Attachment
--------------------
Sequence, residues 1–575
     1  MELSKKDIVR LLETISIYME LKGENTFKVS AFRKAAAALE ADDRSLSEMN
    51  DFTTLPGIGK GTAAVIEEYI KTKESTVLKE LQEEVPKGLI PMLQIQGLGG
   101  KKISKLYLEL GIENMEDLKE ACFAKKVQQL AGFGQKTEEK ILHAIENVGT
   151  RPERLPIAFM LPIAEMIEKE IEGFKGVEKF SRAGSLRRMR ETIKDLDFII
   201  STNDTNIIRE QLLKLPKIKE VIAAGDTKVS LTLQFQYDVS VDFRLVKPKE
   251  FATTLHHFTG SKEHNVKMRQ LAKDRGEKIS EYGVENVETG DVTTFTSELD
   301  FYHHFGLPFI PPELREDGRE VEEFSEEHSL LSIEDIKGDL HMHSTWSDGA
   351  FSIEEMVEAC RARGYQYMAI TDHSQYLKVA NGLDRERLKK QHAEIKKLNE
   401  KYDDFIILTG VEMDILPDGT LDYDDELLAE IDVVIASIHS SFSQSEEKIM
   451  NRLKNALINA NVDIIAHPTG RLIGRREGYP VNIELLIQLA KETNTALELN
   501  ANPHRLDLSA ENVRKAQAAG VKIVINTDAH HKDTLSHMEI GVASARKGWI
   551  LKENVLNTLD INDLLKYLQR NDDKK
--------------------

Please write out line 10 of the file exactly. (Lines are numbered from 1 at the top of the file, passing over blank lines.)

   401  KYDDFIILTG VEMDILPDGT LDYDDELLAE IDVVIASIHS SFSQSEEKIM